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Steven Adams The Key for Thunder Against Warriors

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A conference finals series between the Golden State Warriors and the Oklahoma City Thunder could only be exciting. Each team possesses two of the best shooters in the game, and even though that’s where the majority of the points are coming from on both ends of the floor, it’s the battle of the big men that has allowed the Thunder to rattle the defending champions early in the series.

In his third season in the NBA, New Zealand native Steven Adams has lifted his game in this year’s playoffs. He might look like a cowboy, but the 22-year-old big man has been a key part of the success for Oklahoma City during these playoffs.

After averaging 8 points and 6 rebounds in the regular season, Adams has stepped up his game coming into the post season, adding an extra 2 points and a massive 4 rebounds to his per game averages, and he has found himself playing extra minutes in key moments throughout the game.

His direct impact on the scoreboard might not be huge, however his ability to take control of the paint and keep the Warriors big men out of the game has been phenomenal. Andrew Bogut, Festus Ezeli, Draymond Green and Anderson Varejao have all struggled with Adams in the paint on both ends of the floor. The aggressive style of play that the big Kiwi brings to the game had got under the skin of the Dubs’ big men, resulting in foul trouble and having to resort to a smaller lineup.

In Game 2, Golden State come out firing, but it was once again Adams disrupting the paint and forcing turnovers every time that they took the ball to the rim. Starting the game lining up against Adams, Bogut appeared to still be struggling with the leg injury suffered in the previous game, and seemed to be a step behind Adams on every possession. With the exception of Andre Iguodala and Green, the defending champs struggled on the inside and relied heavily on their long range shots to throughout the first half.

On the offensive end, OKC made the most of the big man’s presence in the first half by running off screens every trip down the floor. This allowed Kevin Durant to catch fire, lighting up the scoreboard with 23 first half points, but the Warriors responded through league MVP Steph Curry to push the lead out to 8 points at the half.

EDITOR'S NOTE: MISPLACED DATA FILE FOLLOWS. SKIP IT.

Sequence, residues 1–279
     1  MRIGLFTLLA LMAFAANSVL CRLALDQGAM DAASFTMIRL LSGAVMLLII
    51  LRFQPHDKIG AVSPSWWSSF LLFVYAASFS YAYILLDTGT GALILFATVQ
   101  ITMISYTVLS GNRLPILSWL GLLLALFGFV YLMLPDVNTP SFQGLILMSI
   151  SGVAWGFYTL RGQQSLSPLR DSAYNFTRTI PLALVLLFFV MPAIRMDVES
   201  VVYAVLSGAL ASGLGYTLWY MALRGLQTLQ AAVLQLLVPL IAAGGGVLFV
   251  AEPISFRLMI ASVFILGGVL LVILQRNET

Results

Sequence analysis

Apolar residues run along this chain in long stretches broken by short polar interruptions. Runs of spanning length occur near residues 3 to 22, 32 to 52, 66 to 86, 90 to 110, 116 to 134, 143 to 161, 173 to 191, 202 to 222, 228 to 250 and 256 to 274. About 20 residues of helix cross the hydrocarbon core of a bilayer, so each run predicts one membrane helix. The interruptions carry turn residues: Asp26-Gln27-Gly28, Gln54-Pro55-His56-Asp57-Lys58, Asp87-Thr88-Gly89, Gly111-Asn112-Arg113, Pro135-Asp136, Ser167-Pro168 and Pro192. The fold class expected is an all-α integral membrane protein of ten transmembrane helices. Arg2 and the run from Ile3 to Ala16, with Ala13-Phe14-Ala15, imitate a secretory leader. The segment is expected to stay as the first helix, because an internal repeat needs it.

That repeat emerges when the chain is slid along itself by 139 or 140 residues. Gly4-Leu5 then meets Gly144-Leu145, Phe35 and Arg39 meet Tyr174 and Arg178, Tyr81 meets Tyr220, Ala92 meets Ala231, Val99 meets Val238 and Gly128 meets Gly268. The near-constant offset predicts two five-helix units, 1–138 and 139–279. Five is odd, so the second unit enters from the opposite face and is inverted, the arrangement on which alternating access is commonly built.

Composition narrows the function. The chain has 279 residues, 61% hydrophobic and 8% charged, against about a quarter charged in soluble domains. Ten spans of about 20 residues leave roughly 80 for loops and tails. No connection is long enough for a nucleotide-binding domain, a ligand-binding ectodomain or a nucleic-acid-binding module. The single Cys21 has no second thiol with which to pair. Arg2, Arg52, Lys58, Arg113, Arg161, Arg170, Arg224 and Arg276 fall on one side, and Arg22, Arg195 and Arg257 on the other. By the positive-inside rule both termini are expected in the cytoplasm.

“We turned it over too many times and he really got into a good groove,” said Warriors’ coach Steve Kerr about Durant’s first half.

AdamsAfter a solid first half, it was all downhill in the third term as Curry outscored the Thunder, 15-2, in a 2-minute period doing what he does best — raining down shots from long range, quickly pushing his team’s lead out to more than 20 points as the Oklahoma defense was practically nonexistent.

The Adams match-up was still causing the Dubs problems, however, his team mates went missing in action. Durant could not get into any sort of rhythm, and Westbrook decided to take things into his own hands, which ended in a series of poor shots that were well contested by the Warriors defense.

Sticking with his 8-man rotation until late in the fourth quarter, as he has done throughout the playoffs this season, Billy Donovan’s team couldn’t maintain the intensity that lead them to a Game 1 win, and continued throughout the first half of Game 2 before the Warriors rode out the game in complete control, finishing with a 27-point victory.

Donovan reflected on his teams performance, and how they let Curry pile on the points in the third period.

“I thought we were in pretty good shape going into the half, and then they kinda hit us with that flurry and we got down by 8,” he said. “We didn’t get off to a great start in the third quarter. We let Curry get lose a few times, and we need to do a better job in that area.”

Green said post-game that you have to play a physical game around the rim against the Thunder.

“You’ve just got to hit bodies. When the shot goes up, you can’t be watching for the rebound,” he said. “You’ve got guys like Adams and  [Enes] Kanter always flying in there trying to get the rebound. So you gotta hit bodies.”

After being dominated on the boards in Game 1, Kerr was much happier with the way his team handled Adams — and Game 2.

“We did a much better job of being really active and trying to get bodies on people and sometimes the ball bounces your way a little bit more, which it did tonight.”

Festus Ezeli had a much better game against the Thunder big men in Game 2 after some early foul trouble, and spoke after the game about the importance of the bigs on their team.

“Their bigs are a big part of their game,” Ezeli said. “They rebound very well, they’re very athletic, they’re long on the defensive end, they double team him (Curry), and they move their feet pretty well.

“In Game 1 we played a lot of iso, that’s not our game, we kinda played into their hands in that way, so we just had a better focus tonight playing our brand of basketball.”

The Thunder have discovered a way to challenge a team that looked unstoppable only a few weeks ago with the use of their big men, but unfortunately, Wednesday was not their night.

“We’re upset,” said Durant. “The guy’s in the locker room weren’t happy because we only won one game.”

This series now moves to Oklahoma where Game 3 will take place on Sunday, and the Thunder will be looking to make the most of their win in Oakland by defending their home floor.

Feature Image – Headlines News

Story Image – Fox Sports

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  1. Pingback: Western Conference Finals: Game 2 - Scott Daniel Cooper

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